An increasing number of sales organizations are starting to adopt a data-driven approach to opportunity management. Yet, organizations seeking to make better-informed decisions with the help of data encounter several barriers. Cultural and organizational barriers that can create inertia and resistance. Are you aware of the potential barriers likely to emerge during this transition?
This is the second post on the topic of: a data-driven approach to opportunity management. In the first post, I introduced the trend and mentioned which organizations are most likely to benefit from its adoption. This article focuses on raising awareness about two potential barriers likely to emerge during your transition to a data-driven approach to opportunity management. Let’s take a brief look at them.
1. Shortage of analytical and digitally-savvy sales talent
The transition from a subjective to a data-driven approach calls for new sales roles with different set of skills and competencies. These roles require higher levels of analytical, digital and technological skills and competencies. The issue is that to find sales talent to meet these emerging demands is a difficult task. Those skills are simply hard to find within sales organizations. Most sales organizations have talent with skills related to persuasion and negotiation but lack talent with analytical and technological skills.
Just take a look around your own organization. Do you currently have the skills and competencies required to perform quantitative analysis that deliver actionable insights? Are members of your sales team comfortable using digital tools and technology to identify the right time to engage with the right opportunities? You should be asking yourself whether your organization has the right mix of skills and competencies to support the transition. Otherwise, you will not remain relevant in a digital and data-driven business environment.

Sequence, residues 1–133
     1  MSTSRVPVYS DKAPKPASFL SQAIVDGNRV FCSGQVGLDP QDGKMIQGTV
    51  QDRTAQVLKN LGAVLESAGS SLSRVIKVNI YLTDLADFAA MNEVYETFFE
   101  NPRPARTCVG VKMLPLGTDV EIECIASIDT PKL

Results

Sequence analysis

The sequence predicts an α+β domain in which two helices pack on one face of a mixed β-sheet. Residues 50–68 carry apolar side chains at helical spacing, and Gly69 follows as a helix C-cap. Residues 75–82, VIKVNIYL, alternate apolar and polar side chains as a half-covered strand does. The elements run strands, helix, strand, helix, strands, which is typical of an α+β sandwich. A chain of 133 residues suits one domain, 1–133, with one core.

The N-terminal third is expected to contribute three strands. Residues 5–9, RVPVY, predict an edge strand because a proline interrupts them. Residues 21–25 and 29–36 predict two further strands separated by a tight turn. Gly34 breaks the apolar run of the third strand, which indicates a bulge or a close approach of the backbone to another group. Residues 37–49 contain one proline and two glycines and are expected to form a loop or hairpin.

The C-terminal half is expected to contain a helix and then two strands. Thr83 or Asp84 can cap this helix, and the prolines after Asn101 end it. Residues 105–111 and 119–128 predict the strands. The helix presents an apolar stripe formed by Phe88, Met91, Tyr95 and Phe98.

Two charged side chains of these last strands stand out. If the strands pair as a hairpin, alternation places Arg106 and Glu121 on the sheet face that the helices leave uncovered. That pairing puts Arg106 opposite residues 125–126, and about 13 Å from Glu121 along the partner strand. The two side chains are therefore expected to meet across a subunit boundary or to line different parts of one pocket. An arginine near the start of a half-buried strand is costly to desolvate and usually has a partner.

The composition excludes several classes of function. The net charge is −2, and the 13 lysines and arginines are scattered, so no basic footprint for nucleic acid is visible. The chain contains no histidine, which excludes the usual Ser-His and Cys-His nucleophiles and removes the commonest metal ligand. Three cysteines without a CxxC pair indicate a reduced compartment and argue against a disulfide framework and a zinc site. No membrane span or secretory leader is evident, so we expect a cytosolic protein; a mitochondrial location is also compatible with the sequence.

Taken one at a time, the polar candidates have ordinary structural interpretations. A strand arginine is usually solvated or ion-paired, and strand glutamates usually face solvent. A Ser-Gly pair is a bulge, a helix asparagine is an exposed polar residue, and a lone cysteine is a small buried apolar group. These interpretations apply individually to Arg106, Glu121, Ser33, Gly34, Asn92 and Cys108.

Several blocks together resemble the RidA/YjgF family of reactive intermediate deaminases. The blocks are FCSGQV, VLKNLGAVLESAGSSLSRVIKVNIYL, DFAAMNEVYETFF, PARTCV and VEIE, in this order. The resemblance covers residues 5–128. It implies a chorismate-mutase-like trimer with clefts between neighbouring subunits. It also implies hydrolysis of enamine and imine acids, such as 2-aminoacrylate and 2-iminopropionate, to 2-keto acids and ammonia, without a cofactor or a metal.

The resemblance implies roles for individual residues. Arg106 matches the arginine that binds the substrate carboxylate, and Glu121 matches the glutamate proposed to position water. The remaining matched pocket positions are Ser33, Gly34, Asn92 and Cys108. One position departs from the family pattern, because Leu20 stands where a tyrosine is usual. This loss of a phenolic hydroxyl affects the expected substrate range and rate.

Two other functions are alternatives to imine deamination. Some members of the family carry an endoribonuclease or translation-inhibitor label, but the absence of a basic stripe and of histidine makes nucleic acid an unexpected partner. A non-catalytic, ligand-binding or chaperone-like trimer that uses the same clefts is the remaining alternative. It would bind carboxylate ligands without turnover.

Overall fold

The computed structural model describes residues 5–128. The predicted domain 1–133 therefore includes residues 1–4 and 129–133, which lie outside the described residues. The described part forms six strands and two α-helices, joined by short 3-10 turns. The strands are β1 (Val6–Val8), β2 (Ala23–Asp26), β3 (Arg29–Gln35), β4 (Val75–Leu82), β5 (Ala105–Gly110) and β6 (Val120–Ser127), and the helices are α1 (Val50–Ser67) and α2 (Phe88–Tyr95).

If your team doesn’t have the right mix, you should focus on closing the gap. You can do this either through on-the-job training or via recruiting talent with the skills and competencies needed to complement your team and match the new demands.
2. Temptation to ignore data when in conflict with previous experience
Another important barrier to be aware of is the temptation to ignore hard data when/if in conflict with your own experience and intuition. Have you ever been tempted to ignore facts because they were in conflict with your own beliefs and emotions? Recent research revealed that marketing managers will distrust the validity of data when inconsistent with their own experiences. Only 10% of respondents said they would follow data-driven recommendations if it didn’t confirm their gut feeling. How many of your sales reps would pursue an opportunity even when objective analysis suggests the opportunity doesn’t have a chance of closing?
To avoid this barrier, sales leaders need to encourage behavioral changes and a willingness to go beyond the “I do not trust data” attitude. Otherwise, sales reps and managers can easily fall into the old habit of purely trusting their intuition when chasing an opportunity. While there is nothing wrong with intuition, in todays highly competitive and resource-constrained B2B selling environment, intuition alone is not a reliable measure to inform critical decisions about opportunities.
By being aware of these potential obstacles, sales organizations will be better positioned to succeed. Can you think about any other potential barrier? Have you encounter any of the above-mentioned barriers during your transition? Share your thoughts with us via our LinkedIn page.
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